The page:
That same year, Obama gave his historic "A New Beginning" speech at Cairo University in Egypt. In a public address, Obama highlighted Muslims' deep-rooted history in the country and how they have "enriched the United States": 

They have fought in our wars, they have served in our government, they have stood for civil rights, they have started businesses, they have taught at our universities, they've excelled in our sports arenas, they've won Nobel Prizes, built our tallest building, and lit the Olympic Torch.  And when the first Muslim American was recently elected to Congress, he took the oath to defend our Constitution using the same Holy Koran that one of our Founding Fathers — Thomas Jefferson — kept in his personal library.

This strategy also worked in a Republican-led White House. In the immediate aftermath of 9/11, there was a 1600% jump in anti-Muslim hate crimes. But remarkably, according to Southern Poverty Law Center's Mark Potok, between 2002, and until 2010, anti-Muslim hate crimes decreased by about a third.

Potok, editor of the SPLC's magazine Intelligence Report, believes much of the credit is due to former President George W. Bush's rhetoric after 9/11 to combat Islamophobia.

Six days after the Sept. 11 terrorist attacks, Bush visited the Islamic Center in Washington, D.C., and told the world that "Islam is peace." He also appeared with an imam at the National Cathedral promoting that same message and reiterating the point that Al Qaeda does not represent the beliefs of over 1 billion Muslims.

"The face of terror is not the true faith of Islam," Bush told a live television audience on Sept. 17, 2001. "That's not what Islam is all about. Islam is peace. These terrorists don't represent peace. They represent evil and war."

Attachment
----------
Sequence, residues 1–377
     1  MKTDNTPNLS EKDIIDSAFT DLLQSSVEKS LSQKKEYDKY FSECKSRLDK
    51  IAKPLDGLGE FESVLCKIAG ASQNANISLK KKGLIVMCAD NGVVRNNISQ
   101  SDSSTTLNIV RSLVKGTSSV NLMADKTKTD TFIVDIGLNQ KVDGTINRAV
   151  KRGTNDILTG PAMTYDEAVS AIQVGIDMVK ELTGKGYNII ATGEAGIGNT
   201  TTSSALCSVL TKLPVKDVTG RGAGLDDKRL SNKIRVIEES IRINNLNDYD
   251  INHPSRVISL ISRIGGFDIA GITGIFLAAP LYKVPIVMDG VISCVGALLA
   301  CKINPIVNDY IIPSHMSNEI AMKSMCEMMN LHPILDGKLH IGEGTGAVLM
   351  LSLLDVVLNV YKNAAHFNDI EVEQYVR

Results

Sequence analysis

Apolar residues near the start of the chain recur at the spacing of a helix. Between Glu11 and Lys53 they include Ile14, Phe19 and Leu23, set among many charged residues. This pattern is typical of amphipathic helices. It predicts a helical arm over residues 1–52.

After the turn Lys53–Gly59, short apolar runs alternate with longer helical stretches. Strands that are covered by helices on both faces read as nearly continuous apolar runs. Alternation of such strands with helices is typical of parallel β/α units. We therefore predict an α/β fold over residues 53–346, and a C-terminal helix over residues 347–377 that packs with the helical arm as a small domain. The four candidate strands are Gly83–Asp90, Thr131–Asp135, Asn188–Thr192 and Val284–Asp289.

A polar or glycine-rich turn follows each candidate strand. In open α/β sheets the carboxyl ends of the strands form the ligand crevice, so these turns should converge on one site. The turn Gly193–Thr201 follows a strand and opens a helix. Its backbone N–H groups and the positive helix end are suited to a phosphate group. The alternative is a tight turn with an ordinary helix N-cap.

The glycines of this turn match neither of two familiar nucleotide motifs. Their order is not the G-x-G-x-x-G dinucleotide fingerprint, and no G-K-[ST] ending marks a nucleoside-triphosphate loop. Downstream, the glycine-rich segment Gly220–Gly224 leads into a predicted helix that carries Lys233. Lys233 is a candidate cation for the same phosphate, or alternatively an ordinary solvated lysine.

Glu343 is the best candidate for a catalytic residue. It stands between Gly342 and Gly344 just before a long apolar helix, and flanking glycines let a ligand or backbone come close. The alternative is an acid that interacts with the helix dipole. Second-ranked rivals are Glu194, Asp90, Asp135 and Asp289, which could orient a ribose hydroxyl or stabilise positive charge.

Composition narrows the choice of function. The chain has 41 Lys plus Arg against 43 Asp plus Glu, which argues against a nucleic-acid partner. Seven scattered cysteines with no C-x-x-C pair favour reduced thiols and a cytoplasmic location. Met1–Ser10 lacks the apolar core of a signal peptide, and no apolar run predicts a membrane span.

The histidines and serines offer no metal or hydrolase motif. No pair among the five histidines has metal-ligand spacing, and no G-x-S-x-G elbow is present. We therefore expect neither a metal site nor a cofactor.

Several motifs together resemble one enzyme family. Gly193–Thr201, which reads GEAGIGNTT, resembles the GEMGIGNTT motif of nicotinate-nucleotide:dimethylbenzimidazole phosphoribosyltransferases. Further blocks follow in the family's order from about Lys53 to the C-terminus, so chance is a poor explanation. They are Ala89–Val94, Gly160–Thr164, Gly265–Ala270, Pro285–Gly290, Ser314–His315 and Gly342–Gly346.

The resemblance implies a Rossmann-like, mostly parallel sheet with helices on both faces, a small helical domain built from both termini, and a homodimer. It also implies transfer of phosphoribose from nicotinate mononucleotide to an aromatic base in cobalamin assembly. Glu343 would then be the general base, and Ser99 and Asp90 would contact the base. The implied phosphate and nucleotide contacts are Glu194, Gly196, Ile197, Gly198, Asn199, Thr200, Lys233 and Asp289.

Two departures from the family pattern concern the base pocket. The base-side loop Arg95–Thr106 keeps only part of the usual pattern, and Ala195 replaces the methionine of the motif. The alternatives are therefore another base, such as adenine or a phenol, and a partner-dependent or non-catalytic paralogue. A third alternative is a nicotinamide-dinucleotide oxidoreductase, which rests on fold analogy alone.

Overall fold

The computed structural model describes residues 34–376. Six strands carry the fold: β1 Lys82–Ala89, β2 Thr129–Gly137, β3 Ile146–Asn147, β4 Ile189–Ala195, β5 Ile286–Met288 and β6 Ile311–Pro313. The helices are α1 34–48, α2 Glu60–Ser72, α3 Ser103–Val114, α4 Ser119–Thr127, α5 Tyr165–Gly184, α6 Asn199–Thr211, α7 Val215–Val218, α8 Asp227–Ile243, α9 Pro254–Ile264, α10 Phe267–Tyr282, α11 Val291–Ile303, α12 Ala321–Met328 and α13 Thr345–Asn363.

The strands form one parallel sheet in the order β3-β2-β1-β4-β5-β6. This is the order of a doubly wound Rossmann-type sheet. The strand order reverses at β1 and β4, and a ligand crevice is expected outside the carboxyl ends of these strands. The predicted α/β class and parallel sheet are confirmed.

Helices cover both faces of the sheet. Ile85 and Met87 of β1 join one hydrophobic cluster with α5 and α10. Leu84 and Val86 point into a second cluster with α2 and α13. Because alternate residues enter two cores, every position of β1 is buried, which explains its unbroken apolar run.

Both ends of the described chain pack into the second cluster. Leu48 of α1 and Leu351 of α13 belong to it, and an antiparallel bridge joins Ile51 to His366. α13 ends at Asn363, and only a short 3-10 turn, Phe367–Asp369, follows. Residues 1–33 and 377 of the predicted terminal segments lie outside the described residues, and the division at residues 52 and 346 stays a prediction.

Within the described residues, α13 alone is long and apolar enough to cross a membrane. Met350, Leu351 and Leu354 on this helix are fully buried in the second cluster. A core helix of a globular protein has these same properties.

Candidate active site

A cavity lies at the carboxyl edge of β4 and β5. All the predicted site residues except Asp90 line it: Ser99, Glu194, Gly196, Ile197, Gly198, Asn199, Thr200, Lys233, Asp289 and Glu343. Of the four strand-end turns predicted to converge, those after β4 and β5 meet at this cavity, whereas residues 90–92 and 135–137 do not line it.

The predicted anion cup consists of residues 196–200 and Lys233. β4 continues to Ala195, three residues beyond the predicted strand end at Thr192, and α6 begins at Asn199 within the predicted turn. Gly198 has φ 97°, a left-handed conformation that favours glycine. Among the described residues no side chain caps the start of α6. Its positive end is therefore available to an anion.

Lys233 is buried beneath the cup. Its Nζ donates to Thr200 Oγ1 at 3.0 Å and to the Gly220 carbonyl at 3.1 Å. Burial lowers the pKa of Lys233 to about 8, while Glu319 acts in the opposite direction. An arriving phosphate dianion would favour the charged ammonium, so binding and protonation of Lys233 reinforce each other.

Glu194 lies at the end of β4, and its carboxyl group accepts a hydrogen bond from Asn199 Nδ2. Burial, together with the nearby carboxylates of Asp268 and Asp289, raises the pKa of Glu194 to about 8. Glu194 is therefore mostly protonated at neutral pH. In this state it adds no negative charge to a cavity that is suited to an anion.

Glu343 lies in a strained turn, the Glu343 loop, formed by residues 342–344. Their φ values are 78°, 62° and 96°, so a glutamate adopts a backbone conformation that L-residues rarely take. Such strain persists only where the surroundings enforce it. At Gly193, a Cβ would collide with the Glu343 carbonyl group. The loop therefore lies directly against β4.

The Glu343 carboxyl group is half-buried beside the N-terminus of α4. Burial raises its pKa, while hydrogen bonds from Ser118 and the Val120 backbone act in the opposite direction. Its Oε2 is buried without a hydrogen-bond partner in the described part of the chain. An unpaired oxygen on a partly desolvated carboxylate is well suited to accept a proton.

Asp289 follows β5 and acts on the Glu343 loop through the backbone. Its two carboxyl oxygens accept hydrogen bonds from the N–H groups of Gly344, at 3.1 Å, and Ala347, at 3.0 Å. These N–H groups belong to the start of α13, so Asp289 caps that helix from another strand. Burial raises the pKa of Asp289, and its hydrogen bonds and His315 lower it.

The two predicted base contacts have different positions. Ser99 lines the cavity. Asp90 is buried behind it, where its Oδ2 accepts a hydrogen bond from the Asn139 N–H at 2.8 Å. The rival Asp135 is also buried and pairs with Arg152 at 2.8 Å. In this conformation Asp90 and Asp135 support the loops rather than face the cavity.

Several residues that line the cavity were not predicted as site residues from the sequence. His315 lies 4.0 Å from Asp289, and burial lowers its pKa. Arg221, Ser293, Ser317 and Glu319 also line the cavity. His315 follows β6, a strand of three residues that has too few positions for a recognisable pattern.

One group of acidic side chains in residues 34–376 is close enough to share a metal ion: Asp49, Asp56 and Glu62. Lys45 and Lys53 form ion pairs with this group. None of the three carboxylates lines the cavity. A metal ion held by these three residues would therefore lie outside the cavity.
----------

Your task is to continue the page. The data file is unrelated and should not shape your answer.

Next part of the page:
When a major public figure displays moral courage and leadership by refuting the defamation of the Muslim American community, it has a powerful and everlasting effect on the country's social and political climate, Potok said. 

In December, when Trump announced a complete and total shutdown on all Muslims entering the U.S., anti-Muslims attacks surged to 53 total reported attacks, according to a Georgetown University's Bridge Initiative report. Anti-Muslim attacks occurred almost daily and often multiple times a day.

"By comparison, when the presidential election season began just nine months earlier, there were only two anti-Muslim attacks," Bridge Initiative's senior researcher Nazir Harb told Mic in an email. "Attacks on Muslims in [December] constitute approximately one-third of all attacks last year."

Protester at an anti-Donald Trump rally on Saturday.
Source: 
David McNew/Getty Images

Then just weeks before Election Day, three male white supremacists who called themselves "The Crusaders" plotted to bomb a mosque and housing complex for Somali Muslim immigrants in Garden City, Kansas. Law enforcement authorities arrested the white militiamen on Oct. 14 and charged them with "planning to use a weapon of mass destruction in a terrorist attack." At least one of the men reportedly wrote on Facebook that he was supporting Trump for president.

It's examples like this that fuels Potok's gloomy perspective on what life would be like for Muslims in Trump's administration.

"Donald Trump has helped unchain the beast of anti-Muslim hatred and that's not an easy animal to bring back into the cage," Potok said. "I think American Muslims are going to be facing really serious hatred in very large part of the demons Donald Trump has unleashed."

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Sarah A. Harvard

Sarah is a staff writer covering religion, race and politics. Her work has appeared in The Guardian, The Atlantic, Slate, The Huffington Post, TeenVogue, and VICE. Send tips and feedback: sharvard@mic.com